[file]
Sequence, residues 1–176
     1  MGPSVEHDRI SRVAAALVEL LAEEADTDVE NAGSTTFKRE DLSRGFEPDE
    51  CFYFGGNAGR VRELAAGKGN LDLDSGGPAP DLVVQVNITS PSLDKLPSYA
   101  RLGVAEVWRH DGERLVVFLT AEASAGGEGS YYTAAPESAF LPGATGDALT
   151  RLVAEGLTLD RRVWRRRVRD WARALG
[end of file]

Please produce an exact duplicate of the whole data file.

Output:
Sequence, residues 1–176
     1  MGPSVEHDRI SRVAAALVEL LAEEADTDVE NAGSTTFKRE DLSRGFEPDE
    51  CFYFGGNAGR VRELAAGKGN LDLDSGGPAP DLVVQVNITS PSLDKLPSYA
   101  RLGVAEVWRH DGERLVVFLT AEASAGGEGS YYTAAPESAF LPGATGDALT
   151  RLVAEGLTLD RRVWRRRVRD WARALG